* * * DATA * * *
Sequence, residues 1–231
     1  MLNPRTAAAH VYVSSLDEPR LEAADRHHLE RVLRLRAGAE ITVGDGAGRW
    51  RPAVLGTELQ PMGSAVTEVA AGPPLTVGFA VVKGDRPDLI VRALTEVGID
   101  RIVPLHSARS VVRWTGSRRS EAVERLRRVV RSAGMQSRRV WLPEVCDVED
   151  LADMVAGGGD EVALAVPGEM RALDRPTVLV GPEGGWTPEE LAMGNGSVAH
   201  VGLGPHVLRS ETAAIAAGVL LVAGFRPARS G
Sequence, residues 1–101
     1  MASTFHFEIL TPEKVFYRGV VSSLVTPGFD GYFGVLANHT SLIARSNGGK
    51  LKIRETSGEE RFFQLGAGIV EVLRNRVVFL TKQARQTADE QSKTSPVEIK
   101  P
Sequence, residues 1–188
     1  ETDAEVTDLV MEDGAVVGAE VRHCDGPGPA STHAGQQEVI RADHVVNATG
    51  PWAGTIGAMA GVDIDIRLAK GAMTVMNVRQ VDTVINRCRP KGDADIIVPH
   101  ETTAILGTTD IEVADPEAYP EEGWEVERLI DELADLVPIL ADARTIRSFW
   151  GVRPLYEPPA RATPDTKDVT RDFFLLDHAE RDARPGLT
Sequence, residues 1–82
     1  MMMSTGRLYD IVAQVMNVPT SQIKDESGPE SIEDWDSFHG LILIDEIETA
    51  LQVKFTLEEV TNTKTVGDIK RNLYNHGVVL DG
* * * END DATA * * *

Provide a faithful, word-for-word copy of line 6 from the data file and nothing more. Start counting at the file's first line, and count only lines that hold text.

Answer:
   201  VGLGPHVLRS ETAAIAAGVL LVAGFRPARS G